Making the Right Moves

These colleagues traded Lear jets for 18-wheelers

William Brady and James DolanJamie Dolan (left) and Bill Brady, co-workers at Bombardier, decided to leave the world of finance and buy McLure Moving & Storage in Essex Junction five years ago.

by Liz Schick

When William Brady and James Dolan were considering the purchase of McLure Moving and Storage, they set themselves up for a surprise.

“We thought we knew what we were doing,” says Brady. “If you are a lender to a business or industry — as we were to the transportation industry at Bombardier Capital — you think you know the business; so when we were considering various opportunities, Jamie and I thought we had a step up with McLure.”

He pauses, and Dolan chimes in. “Our thinking wasn’t quite as clear as we thought.”

They were willing to give up their perks of flying around in Lear jets and working with Wall Street bankers if they could find a business that would be big enough to support them, but one where technological obsolescence would not be a factor. When they found McLure was for sale, they took a close look.

“We basically figured that, until Scotty and Captain Kirk could beam up furniture from here to California, there was no concern about built-in obsolescence,” Brady says with a grin. “Since we were financially astute and had access to lots of highfalutin cash-flow modeling software, we ran all kinds of numbers, which reinforced our decision to buy. After we started working, we discovered all that modeling stuff was superfluous.”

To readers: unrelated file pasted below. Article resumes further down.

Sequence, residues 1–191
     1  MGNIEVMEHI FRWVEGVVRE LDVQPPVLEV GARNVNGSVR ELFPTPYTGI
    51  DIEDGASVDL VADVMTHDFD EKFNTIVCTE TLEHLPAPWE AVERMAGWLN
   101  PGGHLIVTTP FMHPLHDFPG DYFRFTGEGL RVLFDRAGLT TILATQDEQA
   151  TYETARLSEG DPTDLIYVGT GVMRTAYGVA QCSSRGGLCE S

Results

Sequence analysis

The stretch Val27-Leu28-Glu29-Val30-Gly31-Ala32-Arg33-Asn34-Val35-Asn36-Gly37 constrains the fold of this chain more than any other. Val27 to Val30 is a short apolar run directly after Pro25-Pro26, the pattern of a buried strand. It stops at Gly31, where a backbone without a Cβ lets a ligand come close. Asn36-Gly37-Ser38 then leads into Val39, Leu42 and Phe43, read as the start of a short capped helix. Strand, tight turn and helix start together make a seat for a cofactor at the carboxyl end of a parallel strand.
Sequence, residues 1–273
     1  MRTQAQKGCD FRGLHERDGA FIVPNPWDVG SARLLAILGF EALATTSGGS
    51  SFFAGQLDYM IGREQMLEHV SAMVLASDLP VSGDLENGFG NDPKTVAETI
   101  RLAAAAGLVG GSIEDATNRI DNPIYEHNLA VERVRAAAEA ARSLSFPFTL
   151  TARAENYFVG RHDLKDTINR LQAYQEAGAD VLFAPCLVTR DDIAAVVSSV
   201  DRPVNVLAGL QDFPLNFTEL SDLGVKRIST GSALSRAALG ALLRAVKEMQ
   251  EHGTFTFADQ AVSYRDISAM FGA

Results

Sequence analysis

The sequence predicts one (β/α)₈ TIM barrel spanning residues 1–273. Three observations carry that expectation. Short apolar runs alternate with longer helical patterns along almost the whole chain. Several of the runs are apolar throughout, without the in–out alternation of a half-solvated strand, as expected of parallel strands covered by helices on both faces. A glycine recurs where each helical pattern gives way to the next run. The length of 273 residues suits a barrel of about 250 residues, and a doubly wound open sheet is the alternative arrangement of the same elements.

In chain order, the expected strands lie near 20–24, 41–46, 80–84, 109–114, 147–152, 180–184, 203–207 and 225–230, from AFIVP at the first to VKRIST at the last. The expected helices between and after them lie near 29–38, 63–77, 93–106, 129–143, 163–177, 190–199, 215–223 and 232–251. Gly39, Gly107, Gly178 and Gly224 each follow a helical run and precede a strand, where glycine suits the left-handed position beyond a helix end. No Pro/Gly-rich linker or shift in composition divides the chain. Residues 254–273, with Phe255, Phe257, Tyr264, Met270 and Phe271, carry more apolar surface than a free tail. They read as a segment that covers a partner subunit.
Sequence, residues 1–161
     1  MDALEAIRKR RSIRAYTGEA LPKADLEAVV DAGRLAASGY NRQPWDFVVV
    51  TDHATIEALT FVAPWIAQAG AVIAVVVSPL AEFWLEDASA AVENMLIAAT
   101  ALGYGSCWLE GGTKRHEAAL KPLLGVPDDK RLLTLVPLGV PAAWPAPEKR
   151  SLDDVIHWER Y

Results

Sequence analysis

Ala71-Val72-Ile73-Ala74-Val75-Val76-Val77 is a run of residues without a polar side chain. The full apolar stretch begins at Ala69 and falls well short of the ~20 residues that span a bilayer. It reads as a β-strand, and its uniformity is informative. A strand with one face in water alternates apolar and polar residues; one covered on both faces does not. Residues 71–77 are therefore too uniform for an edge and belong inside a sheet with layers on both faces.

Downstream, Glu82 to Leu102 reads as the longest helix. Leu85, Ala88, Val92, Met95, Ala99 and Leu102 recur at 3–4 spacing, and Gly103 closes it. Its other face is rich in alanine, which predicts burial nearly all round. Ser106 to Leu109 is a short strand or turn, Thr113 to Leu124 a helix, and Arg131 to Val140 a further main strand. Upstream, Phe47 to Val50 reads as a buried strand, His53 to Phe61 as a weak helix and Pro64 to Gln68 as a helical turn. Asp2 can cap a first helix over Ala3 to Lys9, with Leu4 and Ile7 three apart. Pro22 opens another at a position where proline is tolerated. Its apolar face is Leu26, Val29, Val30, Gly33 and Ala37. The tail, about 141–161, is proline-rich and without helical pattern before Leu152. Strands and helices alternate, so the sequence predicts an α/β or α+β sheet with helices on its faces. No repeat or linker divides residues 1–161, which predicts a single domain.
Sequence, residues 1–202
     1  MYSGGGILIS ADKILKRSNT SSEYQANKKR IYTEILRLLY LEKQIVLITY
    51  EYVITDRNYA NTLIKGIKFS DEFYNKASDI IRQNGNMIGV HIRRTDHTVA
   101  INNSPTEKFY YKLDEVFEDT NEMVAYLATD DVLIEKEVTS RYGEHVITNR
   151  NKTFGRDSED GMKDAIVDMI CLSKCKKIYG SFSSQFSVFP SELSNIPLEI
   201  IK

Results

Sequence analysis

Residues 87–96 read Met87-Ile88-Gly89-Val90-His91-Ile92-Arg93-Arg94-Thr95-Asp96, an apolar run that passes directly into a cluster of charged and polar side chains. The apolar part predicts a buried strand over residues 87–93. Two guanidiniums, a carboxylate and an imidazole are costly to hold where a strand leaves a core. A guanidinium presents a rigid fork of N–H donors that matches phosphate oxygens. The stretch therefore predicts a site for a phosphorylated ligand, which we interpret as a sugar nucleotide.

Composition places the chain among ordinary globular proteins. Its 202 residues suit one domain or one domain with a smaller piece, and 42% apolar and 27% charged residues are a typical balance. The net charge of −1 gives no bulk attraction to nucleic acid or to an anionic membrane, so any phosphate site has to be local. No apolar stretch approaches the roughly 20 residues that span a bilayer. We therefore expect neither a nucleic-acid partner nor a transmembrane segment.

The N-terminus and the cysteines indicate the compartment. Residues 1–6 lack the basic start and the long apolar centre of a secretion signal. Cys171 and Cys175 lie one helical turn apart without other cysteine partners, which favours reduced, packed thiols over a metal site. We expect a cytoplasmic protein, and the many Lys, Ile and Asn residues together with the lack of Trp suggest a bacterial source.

For example, after closing on the company on May 31, 2002, not having hired enough college students to meet the summer demand, Dolan and Brady became “lumpers,” which, says Dolan, “is the vernacular for those who carry the furniture from the house to the van. We did a lot of lumping that first summer, but in retrospect, it wasn’t a bad thing to help us understand the business.” It wasn’t long before they learned to drive the trucks and received their Class A Commercial driver’s licenses.

McLure was started in 1915 by Judson Hilliker with a pair of horses and a carriage he used to deliver milk and personal belongings. In 1939, his son-in-law, Clifford McLure, grew the business and renamed it McClure Moving and Storage.

When, in 1980, Peder Marcussen and his wife, Mary Louise McClure, took over, the fleet was expanded, warehouses and Access Mini Storage units were added, McLure Packaging Systems and Supplies was begun in response to a need for area businesses to have a supplier of custom packaging, and Excel Transportation Services, which does truckload hauling, was created.

Two employees of McClure James Dolan manages McLure Packaging Systems and Supplies, one of the company’s four divisions, with Peter Cameron (pictured), who has been with the company 15 years and grew the packaging business from its inception. Leslie Mercy is operations manager of the moving company.

Although the moving business is seasonal and cyclical, the company’s four divisions —moving, mini storage, packaging systems and supplies, and Excel — provide the business diversity and year-round revenue stream Dolan and Brady were seeking. The moving division has three parts: local, interstate/international, and commercial/industrial. Access Mini Storage has 360 units at the company headquarters on Vermont 2A in Essex Junction.